yo ’vasthānam anugrahaḥ
evam—thus; pratyavamṛśya—after understanding; asau—that person; ātmānam—his self; pratipadyate—realizes; sa-ahaṅkārasya—accepted under false ego; dravyasya—of the situation; yaḥ—who; avasthānam—resting place; anugrahaḥ—the manifester.
When, by mature understanding, one can realize his individuality, then the situation he accepts under false ego becomes manifest to him.
The Māyāvādī philosophers’ position is that at the ultimate issue the individual is lost, everything becomes one, and there is no distinction between the knower, the knowable and knowledge. But by minute analysis we can see that this is not correct. Individuality is never lost, even when one thinks that the three different principles, namely the knower, the knowable and knowledge, are amalgamated or merged into one. The very concept that the three merge into one is another form of knowledge, and since the perceiver of the knowledge still exists, how can one say that the knower, knowledge and knowable have become one? The individual soul who is perceiving this knowledge still remains an individual. Both in material existence and in spiritual existence the individuality continues; the only difference is in the quality of the identity. In the material identity, the false ego acts, and because of false identification, one takes things to be different from what they actually are. That is the basic principle of conditional life. Similarly, when the false ego is purified, one takes everything in the right perspective. That is the state of liberation.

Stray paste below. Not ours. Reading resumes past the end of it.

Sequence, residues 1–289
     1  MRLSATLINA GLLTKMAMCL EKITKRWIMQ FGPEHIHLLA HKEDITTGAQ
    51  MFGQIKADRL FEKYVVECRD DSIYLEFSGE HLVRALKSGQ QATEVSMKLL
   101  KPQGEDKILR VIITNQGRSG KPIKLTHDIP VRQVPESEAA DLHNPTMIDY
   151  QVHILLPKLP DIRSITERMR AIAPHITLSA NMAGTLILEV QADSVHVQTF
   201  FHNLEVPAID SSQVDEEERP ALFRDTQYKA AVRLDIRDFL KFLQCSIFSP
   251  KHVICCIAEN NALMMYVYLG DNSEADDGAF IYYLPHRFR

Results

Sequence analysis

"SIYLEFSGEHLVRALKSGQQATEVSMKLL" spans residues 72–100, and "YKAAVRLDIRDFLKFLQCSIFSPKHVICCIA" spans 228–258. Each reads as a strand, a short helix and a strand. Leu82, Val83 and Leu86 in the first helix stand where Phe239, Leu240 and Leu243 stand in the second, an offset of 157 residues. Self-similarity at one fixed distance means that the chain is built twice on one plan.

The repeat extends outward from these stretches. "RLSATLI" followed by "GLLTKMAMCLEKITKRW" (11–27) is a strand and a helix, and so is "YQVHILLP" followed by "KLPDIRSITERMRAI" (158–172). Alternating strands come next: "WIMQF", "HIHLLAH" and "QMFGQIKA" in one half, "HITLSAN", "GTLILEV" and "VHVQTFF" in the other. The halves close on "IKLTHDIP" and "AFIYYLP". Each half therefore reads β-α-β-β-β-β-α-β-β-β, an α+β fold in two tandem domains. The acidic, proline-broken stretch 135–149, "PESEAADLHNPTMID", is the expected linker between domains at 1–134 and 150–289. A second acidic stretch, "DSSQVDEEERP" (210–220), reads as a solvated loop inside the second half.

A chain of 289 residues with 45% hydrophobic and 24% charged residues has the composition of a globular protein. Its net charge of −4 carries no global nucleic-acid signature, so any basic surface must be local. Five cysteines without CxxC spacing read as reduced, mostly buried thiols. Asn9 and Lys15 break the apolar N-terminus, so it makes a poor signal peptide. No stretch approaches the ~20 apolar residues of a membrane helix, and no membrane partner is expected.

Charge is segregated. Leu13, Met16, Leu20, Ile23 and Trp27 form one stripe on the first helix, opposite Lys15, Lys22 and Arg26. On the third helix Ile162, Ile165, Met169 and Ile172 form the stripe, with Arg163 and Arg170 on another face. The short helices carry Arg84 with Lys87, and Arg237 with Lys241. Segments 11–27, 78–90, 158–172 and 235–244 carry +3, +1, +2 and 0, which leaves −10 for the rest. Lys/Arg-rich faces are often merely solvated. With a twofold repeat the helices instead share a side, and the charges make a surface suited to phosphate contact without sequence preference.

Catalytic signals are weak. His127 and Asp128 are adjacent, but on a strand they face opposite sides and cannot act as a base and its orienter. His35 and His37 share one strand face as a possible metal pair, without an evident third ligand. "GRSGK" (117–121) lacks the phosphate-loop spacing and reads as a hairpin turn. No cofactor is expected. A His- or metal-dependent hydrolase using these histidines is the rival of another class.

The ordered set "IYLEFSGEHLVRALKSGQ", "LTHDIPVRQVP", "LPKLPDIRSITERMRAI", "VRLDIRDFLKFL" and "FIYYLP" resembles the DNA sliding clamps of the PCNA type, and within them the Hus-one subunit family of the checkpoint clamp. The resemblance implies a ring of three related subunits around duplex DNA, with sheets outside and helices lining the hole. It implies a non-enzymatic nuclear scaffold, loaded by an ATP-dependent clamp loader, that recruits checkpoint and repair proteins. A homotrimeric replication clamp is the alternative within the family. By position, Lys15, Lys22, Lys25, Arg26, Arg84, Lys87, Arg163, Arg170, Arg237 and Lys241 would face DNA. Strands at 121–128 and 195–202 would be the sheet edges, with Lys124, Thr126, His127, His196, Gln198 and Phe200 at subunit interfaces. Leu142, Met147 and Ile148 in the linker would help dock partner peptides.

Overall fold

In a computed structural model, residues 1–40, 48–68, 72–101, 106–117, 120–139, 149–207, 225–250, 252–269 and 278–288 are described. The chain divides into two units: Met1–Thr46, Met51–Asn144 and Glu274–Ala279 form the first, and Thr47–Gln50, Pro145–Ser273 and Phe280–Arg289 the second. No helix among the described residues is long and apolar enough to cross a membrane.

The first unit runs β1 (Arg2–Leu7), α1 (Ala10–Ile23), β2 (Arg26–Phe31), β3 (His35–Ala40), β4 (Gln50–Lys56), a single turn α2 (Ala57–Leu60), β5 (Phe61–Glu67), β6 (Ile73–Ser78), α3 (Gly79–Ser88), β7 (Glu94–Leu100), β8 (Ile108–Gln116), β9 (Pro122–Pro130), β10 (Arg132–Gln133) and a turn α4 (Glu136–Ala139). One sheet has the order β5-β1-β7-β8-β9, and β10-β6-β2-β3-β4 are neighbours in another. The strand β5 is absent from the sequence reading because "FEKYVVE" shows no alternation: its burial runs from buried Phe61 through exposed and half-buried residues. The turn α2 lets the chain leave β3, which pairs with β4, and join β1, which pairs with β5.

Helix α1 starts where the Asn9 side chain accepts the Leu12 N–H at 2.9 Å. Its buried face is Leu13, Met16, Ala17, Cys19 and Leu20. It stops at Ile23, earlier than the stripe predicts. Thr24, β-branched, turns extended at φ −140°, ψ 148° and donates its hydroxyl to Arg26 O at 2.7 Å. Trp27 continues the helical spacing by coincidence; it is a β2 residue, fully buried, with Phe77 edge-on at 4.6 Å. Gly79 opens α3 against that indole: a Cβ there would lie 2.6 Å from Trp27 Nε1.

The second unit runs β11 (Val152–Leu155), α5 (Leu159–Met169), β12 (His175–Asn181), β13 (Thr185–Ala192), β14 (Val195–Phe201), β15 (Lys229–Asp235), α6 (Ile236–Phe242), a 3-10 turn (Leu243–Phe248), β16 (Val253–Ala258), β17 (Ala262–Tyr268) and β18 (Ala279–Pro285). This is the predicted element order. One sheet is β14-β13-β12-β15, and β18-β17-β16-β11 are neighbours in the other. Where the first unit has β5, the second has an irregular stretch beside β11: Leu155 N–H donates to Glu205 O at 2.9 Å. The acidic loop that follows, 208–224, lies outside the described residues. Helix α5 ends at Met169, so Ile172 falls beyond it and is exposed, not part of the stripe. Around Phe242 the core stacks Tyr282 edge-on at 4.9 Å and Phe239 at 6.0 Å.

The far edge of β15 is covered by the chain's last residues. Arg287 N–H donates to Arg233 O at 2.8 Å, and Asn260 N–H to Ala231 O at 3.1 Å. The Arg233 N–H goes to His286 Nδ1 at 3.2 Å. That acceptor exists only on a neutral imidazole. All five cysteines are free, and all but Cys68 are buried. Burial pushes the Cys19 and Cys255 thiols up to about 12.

It is stated in the Īśopaniṣad that everything belongs to the Lord. Īśāvāsyam idaṁ sarvam. Everything exists on the energy of the Supreme Lord. This is also confirmed in Bhagavad-gītā. Because everything is produced of His energy and exists on His energy, the energy is not different from Him—but still the Lord declares, “I am not there.” When one clearly understands one’s constitutional position, everything becomes manifest. False egoistic acceptance of things conditions one, whereas acceptance of things as they are makes one liberated. The example given in the previous verse is applicable here: due to absorption of one’s identity in his money, when the money is lost he thinks that he is also lost. But actually he is not identical with the money, nor does the money belong to him. When the actual situation is revealed, we understand that the money does not belong to any individual person or living entity, nor is it produced by man. Ultimately the money is the property of the Supreme Lord, and there is no question of its being lost. But as long as one falsely thinks, “I am the enjoyer,” or “I am the Lord,” this concept of life continues, and one remains conditioned. As soon as this false ego is eliminated, one is liberated. As confirmed in the Bhāgavatam, situation in one’s real constitutional position is called mukti, or liberation.
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